The Habeas Corpus Restoration Act gives us a chance to reverse one of the Bush Administration's many assaults on our civil liberties, help restore our place in the world, and better secure our nation. A vote to break the Republican filibuster could come as soon as Wednesday morning -- so please help us restore habeas corpus rights by calling your Senators now!

Senator Dodd on the Habeas Corpus Restoration Act

Senator Dodd explains the effect loss of Habeas Corpus has on every American, and the importance of restoring such a fundamental right.



And as a refresher to get you all geared up to make some calls, here's Gonzo presenting the Department of "Justice" interpretation of the constitutional writ of Habeas.

Restoring Habeas: The Vote Count



That's the current count from www.restore-habeas.org (as of 11:00 MST it was 32 yes, 1 no, 67 undecided). Firedoglake sums up the current situation
Every single Senator needs to hear from their constituents today. Word is that Sen. Lindsey Graham has threatened to mount a filibuster of this bill — nice way to stand up for basic human rights, there, Huckleberry — so it is essential that your Senators hear from you today. Cloture has been filed on the Amendment — so we need 60 votes to move it forward.

That means that 28 of those 67 undecideds need to come around before the vote (which could be as soon as tomorrow (wed) morning.

For those of us in Utah, our senators are firmly in the undecided column, and could use some persuasion (if you call, use the links below so the whip count will update).
Bennett, Robert F. R UT unclear CALL THEM NOW!
Hatch, Orrin G. R UT unclear CALL THEM NOW!

Not that Hatch or Bennett have the best record when it comes to habeas corpus, but pressure from their constituents never hurts.

Monday, September 17, 2007

Verizon Sues FCC

Verizon is showing it's true colors in the debate over the FCC's open spectrum ruling in a lawsuit claiming the new rules are “arbitrary, capricious, unsupported by substantial evidence and otherwise contrary to law." The irony of the "unsupported by substantial evidence" argument being used by one of the nations avid corporate proponents of "non-competition" for the "greater good" is being met with much warranted criticism.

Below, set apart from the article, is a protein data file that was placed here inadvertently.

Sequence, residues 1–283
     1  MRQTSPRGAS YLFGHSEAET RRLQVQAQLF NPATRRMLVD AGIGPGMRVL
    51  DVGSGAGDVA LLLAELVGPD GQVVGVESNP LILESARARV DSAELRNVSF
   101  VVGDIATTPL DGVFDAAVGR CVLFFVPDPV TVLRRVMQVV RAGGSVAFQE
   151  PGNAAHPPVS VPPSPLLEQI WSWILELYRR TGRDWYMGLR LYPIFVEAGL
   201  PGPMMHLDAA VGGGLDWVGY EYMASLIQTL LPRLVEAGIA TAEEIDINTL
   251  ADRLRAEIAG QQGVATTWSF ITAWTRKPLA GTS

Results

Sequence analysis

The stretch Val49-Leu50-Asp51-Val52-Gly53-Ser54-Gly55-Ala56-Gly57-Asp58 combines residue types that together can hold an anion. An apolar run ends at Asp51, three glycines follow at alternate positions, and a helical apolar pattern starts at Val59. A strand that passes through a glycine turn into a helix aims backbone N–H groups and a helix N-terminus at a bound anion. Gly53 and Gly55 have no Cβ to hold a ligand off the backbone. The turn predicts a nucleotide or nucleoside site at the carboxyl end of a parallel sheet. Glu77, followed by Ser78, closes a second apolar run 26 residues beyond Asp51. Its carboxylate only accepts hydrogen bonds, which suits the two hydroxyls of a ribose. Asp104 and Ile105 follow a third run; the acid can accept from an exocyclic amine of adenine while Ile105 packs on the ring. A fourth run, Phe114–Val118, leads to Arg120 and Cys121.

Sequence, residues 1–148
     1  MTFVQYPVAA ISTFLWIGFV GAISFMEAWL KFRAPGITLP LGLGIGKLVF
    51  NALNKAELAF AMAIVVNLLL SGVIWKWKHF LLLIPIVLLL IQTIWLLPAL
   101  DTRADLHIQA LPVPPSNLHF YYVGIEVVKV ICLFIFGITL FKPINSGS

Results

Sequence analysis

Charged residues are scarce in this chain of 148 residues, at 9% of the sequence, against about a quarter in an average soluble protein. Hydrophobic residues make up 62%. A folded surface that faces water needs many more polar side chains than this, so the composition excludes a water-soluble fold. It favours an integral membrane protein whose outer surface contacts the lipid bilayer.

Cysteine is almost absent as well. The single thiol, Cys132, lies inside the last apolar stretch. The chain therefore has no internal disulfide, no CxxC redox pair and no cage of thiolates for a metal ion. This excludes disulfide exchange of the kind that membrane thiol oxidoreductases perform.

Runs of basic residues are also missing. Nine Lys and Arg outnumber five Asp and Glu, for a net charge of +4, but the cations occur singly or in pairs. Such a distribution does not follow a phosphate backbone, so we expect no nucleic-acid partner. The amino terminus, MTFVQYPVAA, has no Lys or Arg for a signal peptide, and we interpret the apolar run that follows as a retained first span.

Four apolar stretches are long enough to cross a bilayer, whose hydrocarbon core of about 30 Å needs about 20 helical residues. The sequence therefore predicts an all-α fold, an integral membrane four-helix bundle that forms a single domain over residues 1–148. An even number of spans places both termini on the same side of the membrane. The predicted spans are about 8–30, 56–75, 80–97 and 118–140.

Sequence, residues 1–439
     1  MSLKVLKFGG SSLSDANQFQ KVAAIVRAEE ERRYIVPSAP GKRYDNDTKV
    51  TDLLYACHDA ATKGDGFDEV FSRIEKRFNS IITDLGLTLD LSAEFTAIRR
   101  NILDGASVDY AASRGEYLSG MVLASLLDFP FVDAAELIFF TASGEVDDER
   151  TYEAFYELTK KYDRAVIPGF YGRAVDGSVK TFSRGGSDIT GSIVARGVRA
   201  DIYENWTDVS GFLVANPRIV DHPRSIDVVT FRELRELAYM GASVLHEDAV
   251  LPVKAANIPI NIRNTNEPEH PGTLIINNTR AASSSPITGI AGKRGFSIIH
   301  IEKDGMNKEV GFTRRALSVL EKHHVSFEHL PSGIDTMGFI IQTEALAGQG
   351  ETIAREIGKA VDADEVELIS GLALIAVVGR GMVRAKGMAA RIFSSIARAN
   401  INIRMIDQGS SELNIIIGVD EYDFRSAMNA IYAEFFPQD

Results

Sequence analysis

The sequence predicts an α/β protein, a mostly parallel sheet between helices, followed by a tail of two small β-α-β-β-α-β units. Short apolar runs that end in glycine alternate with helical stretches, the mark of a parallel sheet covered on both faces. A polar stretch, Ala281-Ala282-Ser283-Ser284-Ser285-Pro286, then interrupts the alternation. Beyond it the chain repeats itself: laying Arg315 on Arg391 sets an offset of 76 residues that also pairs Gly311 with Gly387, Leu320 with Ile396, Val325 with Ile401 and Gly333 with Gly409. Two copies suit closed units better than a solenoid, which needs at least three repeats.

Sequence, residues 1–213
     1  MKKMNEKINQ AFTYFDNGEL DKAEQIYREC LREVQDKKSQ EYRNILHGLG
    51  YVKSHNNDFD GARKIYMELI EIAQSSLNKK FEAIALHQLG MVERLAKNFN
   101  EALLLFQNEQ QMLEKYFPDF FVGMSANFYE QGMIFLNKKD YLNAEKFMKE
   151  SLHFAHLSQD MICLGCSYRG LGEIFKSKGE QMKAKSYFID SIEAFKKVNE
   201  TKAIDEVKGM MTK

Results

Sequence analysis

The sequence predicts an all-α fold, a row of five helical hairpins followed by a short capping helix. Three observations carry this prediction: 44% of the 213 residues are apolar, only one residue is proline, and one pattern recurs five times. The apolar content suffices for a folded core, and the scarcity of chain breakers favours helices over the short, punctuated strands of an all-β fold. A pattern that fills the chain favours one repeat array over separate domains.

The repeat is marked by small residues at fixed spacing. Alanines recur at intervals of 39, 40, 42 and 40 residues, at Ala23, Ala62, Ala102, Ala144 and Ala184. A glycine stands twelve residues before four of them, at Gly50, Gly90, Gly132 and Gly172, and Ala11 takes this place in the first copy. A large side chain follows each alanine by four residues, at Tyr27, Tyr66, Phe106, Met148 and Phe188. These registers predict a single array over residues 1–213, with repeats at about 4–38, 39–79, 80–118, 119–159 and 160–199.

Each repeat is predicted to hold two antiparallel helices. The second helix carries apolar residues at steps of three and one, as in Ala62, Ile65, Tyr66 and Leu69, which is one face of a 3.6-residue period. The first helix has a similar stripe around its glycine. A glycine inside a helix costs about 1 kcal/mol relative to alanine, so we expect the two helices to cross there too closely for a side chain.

Media reform group Free Press, a supporter of the open-access rules, accused Verizon Wireless of sending “lawyers, FUD [fear, uncertainty and doubt] and money” in an attempt to overturn the FCC’s decision. The FCC’s open-access rules were a “small step on the long road to breaking up the anticompetitive, anticonsumer oligopoly that controls almost every level of the wireless marketplace,” Free Press said in a statement.

Frontline Wireless LLC, another supporter of the open-access rules, said in a statement that Verizon’s lawsuit “throws a wrench into the auction to promote competition and innovation for consumers.”

Google Inc. also criticized Verizon’s lawsuit. The open-access rules are “a big step for consumer choice and competition,” Chris Sacca, Google’s head of special initiatives, wrote on the company’s public policy blog. “Apparently, one of the nation’s major existing wireless carriers doesn’t think consumers deserve more choices.”
The sheer hutzpah of a company with this track record belaboring the "unfairness" of the FCC's decision is in itself jaw-dropping. If established companies such as Verizon feel threatened by the (fairly) minor amount of competition the open spectrum ruling will create, it is time for them to reassess their business practices and long term competitive goals, not pour money into litigation meant only to kill the competition with paperwork and court dates.